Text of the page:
QUINCY -- Jamie Shumake quit playing tennis seven years ago.
At age 11, Shumake wanted to try other activities. He first tried tumbling, which he liked. However, he suffered a broken vertebra during the summer before he enrolled as a freshman at Quincy Notre Dame.
"My freshman year, I came to football games, and that intrigued me," Shumake said. "So my sophomore year I jumped into football."
Shumake was on the roster as a linebacker and fullback and even started his senior year.
"I loved it," he said. "I loved the people on the team. The coaches were always willing to work with me because I had never played before."
Shumake only thought about tennis when he showed up to the preseason information meetings during his sophomore and junior year.
"Several players showed up to the meeting and feel it out," QND tennis coach Ben Klingner said. "A few people show up and don't show up at practice. I asked about it, and I was just told (Shumake) didn't want to come out. I was never told about his ability."
Shumake's friends on the tennis team finally convinced him to come out for tennis as a senior.
"They did the old, ‘It's senior year,'" Shumake said. "That got me. I wanted to do something memorable in high school."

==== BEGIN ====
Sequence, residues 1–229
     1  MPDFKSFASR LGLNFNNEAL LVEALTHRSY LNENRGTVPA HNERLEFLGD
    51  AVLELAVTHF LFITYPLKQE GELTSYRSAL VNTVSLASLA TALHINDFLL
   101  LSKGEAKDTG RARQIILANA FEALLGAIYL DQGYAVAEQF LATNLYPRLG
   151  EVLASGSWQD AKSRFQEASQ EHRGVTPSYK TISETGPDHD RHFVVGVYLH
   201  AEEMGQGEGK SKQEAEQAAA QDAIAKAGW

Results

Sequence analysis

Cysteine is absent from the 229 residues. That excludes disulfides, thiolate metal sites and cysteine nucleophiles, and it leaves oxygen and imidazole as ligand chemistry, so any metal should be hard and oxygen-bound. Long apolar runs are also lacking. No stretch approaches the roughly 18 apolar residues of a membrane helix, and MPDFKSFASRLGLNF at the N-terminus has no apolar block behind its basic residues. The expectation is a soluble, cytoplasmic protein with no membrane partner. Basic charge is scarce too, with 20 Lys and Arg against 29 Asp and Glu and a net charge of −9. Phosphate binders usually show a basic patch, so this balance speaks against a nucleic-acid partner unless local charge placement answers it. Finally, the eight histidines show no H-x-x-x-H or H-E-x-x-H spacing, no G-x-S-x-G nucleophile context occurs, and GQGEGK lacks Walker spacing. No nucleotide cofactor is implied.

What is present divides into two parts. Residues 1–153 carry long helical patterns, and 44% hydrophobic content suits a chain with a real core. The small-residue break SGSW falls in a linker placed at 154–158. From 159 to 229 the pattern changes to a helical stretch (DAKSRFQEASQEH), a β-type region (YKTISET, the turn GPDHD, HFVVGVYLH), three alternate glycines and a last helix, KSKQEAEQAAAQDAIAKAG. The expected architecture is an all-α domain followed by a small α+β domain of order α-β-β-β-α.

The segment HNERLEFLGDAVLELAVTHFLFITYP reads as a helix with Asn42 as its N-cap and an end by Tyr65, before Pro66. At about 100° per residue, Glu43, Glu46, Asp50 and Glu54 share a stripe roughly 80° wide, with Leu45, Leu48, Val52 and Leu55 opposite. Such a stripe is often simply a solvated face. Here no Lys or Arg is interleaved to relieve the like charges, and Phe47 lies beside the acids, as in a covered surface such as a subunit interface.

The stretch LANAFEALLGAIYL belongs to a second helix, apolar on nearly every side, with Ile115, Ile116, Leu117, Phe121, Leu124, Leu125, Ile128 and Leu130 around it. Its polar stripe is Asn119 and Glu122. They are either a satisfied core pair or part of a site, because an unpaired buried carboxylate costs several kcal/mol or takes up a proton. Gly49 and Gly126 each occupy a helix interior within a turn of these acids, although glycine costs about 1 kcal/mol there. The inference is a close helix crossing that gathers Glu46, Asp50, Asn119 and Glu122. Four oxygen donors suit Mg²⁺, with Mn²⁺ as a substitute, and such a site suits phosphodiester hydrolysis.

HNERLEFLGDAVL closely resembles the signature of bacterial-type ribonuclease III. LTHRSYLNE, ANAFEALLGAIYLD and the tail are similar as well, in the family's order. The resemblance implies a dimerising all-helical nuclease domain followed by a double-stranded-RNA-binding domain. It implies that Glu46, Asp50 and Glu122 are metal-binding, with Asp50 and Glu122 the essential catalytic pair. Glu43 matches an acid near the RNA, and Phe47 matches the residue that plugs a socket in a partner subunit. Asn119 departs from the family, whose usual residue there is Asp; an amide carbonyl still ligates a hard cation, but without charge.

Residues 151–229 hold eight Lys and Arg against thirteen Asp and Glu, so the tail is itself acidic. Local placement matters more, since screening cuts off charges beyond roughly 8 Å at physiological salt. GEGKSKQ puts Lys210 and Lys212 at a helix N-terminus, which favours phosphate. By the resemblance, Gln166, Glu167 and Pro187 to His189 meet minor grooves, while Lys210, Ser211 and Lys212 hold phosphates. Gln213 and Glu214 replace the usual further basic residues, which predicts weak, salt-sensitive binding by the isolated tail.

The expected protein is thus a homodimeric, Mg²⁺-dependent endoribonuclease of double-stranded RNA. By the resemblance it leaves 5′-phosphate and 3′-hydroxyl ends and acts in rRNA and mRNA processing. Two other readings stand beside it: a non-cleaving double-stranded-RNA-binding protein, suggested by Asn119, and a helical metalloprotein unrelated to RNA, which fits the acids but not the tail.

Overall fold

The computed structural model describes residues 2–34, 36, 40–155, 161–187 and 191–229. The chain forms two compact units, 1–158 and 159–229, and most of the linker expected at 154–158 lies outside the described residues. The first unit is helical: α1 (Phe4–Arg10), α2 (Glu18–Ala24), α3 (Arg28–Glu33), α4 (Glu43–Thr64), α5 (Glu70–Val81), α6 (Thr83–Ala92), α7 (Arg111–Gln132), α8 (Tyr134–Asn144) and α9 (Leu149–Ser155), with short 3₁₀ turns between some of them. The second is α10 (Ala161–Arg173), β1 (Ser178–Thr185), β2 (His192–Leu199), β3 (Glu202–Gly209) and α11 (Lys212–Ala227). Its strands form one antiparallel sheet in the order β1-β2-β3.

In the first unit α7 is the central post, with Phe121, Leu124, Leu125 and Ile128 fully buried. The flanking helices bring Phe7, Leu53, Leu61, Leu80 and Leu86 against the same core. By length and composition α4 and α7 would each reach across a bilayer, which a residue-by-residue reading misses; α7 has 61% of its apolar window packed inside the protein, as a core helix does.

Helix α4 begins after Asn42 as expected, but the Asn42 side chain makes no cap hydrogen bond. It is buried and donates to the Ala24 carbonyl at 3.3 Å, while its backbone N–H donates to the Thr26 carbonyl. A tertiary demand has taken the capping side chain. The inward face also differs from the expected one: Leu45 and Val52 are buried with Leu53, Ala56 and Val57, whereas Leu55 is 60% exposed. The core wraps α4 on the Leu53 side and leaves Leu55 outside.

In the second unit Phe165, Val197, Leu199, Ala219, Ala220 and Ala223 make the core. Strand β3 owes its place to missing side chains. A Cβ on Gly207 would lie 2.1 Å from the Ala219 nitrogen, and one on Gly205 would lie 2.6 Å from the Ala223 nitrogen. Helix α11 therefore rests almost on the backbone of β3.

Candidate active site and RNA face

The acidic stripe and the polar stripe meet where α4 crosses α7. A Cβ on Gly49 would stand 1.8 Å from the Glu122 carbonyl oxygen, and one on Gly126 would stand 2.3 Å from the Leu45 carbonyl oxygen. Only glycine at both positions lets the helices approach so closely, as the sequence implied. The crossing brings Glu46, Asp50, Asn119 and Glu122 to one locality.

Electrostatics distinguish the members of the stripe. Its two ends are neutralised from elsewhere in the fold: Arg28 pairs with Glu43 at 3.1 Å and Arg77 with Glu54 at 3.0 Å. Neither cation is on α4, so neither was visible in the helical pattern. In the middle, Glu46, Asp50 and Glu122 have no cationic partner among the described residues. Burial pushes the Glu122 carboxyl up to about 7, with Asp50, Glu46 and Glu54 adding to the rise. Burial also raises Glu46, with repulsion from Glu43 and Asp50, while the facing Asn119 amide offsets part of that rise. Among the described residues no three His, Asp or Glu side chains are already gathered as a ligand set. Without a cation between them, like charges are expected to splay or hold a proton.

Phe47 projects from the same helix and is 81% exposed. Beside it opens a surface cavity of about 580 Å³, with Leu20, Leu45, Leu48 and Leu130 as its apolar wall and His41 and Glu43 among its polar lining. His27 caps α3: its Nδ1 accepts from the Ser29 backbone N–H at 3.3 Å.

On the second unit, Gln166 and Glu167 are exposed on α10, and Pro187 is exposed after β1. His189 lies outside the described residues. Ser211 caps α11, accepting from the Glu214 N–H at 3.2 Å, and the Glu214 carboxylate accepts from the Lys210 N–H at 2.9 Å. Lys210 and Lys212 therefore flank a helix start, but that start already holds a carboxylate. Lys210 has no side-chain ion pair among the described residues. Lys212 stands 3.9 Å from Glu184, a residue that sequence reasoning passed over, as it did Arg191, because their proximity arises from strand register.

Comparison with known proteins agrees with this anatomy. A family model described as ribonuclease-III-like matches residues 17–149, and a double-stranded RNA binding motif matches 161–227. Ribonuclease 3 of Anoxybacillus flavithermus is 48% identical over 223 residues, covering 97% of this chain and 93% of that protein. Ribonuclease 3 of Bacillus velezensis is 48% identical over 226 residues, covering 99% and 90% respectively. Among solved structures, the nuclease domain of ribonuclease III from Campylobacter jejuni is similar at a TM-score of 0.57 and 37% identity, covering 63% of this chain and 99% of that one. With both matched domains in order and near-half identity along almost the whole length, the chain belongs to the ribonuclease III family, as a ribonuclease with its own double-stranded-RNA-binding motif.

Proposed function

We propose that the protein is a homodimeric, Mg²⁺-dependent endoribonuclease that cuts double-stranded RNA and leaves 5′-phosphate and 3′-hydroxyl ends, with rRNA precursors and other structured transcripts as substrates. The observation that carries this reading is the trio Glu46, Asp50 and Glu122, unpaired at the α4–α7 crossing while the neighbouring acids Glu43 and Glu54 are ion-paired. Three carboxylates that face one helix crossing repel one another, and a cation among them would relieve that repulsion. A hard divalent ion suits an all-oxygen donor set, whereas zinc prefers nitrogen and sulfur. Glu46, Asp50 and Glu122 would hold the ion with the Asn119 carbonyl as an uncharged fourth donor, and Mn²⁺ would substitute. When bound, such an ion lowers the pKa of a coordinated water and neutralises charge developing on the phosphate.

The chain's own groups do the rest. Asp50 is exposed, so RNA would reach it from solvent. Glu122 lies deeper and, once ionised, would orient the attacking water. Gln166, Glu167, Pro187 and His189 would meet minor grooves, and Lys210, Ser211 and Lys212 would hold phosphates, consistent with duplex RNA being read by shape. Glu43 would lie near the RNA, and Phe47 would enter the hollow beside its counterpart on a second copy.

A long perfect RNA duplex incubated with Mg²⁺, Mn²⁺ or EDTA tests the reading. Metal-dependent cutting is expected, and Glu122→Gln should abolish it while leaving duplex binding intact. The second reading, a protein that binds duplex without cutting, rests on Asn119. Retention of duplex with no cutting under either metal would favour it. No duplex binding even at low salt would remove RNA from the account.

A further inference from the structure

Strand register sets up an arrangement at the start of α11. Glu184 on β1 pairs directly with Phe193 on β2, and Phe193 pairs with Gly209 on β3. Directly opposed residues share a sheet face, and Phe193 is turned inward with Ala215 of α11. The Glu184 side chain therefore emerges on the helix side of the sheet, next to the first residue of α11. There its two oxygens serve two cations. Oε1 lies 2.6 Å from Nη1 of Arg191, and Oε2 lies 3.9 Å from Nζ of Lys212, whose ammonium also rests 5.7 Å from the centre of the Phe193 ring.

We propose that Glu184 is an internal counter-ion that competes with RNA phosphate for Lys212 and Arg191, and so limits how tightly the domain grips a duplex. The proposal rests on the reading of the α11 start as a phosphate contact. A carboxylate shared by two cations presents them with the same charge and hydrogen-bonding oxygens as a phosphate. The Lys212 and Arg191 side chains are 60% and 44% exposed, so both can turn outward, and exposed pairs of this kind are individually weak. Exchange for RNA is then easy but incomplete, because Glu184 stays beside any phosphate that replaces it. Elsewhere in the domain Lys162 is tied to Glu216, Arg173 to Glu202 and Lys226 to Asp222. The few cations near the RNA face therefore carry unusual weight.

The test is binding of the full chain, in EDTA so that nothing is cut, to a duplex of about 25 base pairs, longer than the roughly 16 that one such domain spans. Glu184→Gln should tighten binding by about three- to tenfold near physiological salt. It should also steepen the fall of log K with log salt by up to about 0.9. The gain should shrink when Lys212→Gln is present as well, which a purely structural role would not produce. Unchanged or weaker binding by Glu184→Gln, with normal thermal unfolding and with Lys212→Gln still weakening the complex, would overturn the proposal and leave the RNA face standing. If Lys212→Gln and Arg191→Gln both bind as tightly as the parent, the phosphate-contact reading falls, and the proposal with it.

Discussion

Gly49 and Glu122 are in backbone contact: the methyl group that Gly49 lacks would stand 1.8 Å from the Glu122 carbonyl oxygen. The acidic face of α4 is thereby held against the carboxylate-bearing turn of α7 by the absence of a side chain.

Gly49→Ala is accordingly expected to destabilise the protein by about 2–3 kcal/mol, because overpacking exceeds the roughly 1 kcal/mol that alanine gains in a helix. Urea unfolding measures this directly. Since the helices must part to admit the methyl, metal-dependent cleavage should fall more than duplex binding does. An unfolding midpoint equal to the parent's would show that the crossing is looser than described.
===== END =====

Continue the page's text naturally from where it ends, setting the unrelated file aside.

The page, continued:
Shumake has his own spot in QND tennis history. He finished in third place in last weekend's Class 1A Chatham Glenwood Sectional and became the first Raider to reach the state tournament since singles player Ian Hinkamper and doubles team Cole Anderson and Blake Rupp played in 2011.
That was the same year that Shumake last picked up a racket. It showed in his first few practices and matches, but once Shumake settled in, Klingner saw his talent.
"I saw him hit the second day of practice, and I was like, "Where did this guy come from?" Klingner said. "Then I saw he was playing with the guy I thought was going to be my number one, and he's hitting really good balls.
"I was like, "OK, I know who my number one is."
Klingner said Shumake's fundamentals stood out because he hit like he had formal training. Even after not hitting for seven years, that training stuck with him.
"It's like muscle memory," Klingner said.
Shumake was anxious before his first match against Alton Marquette.
"I kind of blew that game," he said.
Now he's playing at the state tournament, where he'll open against Chicago Northside's Natan Spear in the opening round Thursday.
Shumake also wonders what could have been had he stuck with tennis.
"I could have been a lot better player," he said. "At least a few more trips to state. Towards the middle of the season it clicked, and I knew I needed to pursue this and work at it more."